9

I have a vector class:

class Vector:
    def __init__(self, x, y):
        self.x, self.y = x, y
    def __str__(self):
        return '(%s,%s)' % (self.x, self.y)
    def __add__(self, n):
        if isinstance(n, (int, long, float)):
            return Vector(self.x+n, self.y+n)
        elif isinstance(n, Vector):
            return Vector(self.x+n.x, self.y+n.y)

which works fine, i.e. I can write:

a = Vector(1,2)
print(a + 1) # prints (2,3)

However if the order of operation is reversed, then it fails:

a = Vector(1,2)
print(1 + a) # raises TypeError: unsupported operand type(s)
             #                   for +: 'int' and 'instance'

I understand the error: the addition of an int object to an Vector object is undefined because I haven't defined it in the int class. Is there a way to work around this without defining it in the int (or parent of int) class?

1

2 Answers 2

10

You need to also define __radd__

Some operations do not necessarily evaluate like this a + b == b + a and that's why Python defines the add and radd methods.

Explaining myself better: it supports the fact that "int" does not define a + operation with class Vector instances as part of the operation. Therefore vector + 1 is not the same as 1 + vector.

When Python tries to see what the 1.__add__ method can do, an exception is raised. And Python goes and looks for Vector.__radd__ operation to try to complete it.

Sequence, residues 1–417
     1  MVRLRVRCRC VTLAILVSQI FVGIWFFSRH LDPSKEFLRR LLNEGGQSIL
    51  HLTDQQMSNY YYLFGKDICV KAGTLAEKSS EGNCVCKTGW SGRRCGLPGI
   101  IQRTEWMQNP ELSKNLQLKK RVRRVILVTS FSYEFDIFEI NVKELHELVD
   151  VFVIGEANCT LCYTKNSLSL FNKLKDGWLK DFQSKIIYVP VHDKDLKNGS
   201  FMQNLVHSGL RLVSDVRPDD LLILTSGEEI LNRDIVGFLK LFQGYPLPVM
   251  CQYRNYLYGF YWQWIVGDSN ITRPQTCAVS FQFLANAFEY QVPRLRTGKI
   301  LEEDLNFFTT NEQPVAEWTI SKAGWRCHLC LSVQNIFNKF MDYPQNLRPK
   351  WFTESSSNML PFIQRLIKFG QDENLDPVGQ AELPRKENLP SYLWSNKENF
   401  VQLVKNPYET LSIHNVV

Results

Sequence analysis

In the OP's case the evaluation is true and suffices with __radd__ = __add__

class Vector(object):

    def __init__(self, x, y):
        self.x, self.y = x, y

    def __str__(self):
        return '(%s,%s)' % (self.x, self.y)

    def __add__(self, n):
        if isinstance(n, (int, long, float)):
            return Vector(self.x+n, self.y+n)
        elif isinstance(n, Vector):
            return Vector(self.x+n.x, self.y+n.y)

    __radd__ = __add__


a = Vector(1, 2)
print(1 + a)

Which outputs:

(2,3)

The same applies to all number-like operations.

6
  • Maybe some more explanation is needed here?
    – Rob Murray
    Jan 16, 2016 at 12:51
  • is it similar for __mul__, __div__, etc? so __rmul__, __rdiv__, etc?
    – nluigi
    Jan 16, 2016 at 12:52
  • Yes if the first object in the operation (everything is an object) does not support the operation with the 2nd object
    – mementum
    Jan 16, 2016 at 13:00
  • good answer, I'm accepting this answer mainly because of the hint __radd__=__add__, i like one-line solutions :)
    – nluigi
    Jan 16, 2016 at 13:03
  • In your case it is the solution ;)
    – mementum
    Jan 16, 2016 at 13:07
4

When you say x + y, Python calls x.__add__(y). If x does not implement __add__ (or that method returns NotImplemented), Python tries to call y.__radd__(x) as a fallback.

Thus all you have to do is to define the __radd__() method in your Vector class and 1 + y will work as you would expect.

Note: you would have to do similar for other operations too, e.g. implement __mul__() and __rmul__() pair, etc.

You might also want to look at this question, it explains the same principle in more details.

Update: Depending on your use case, you might also want to implement the __iadd__() method (and its cousins) to override the += operator.

For example, if you say y += 1 (y being an instance of Vector here), you might want to modify the y instance itself, and not return a new Vector instance as a result, which what your __add__() method currently does.

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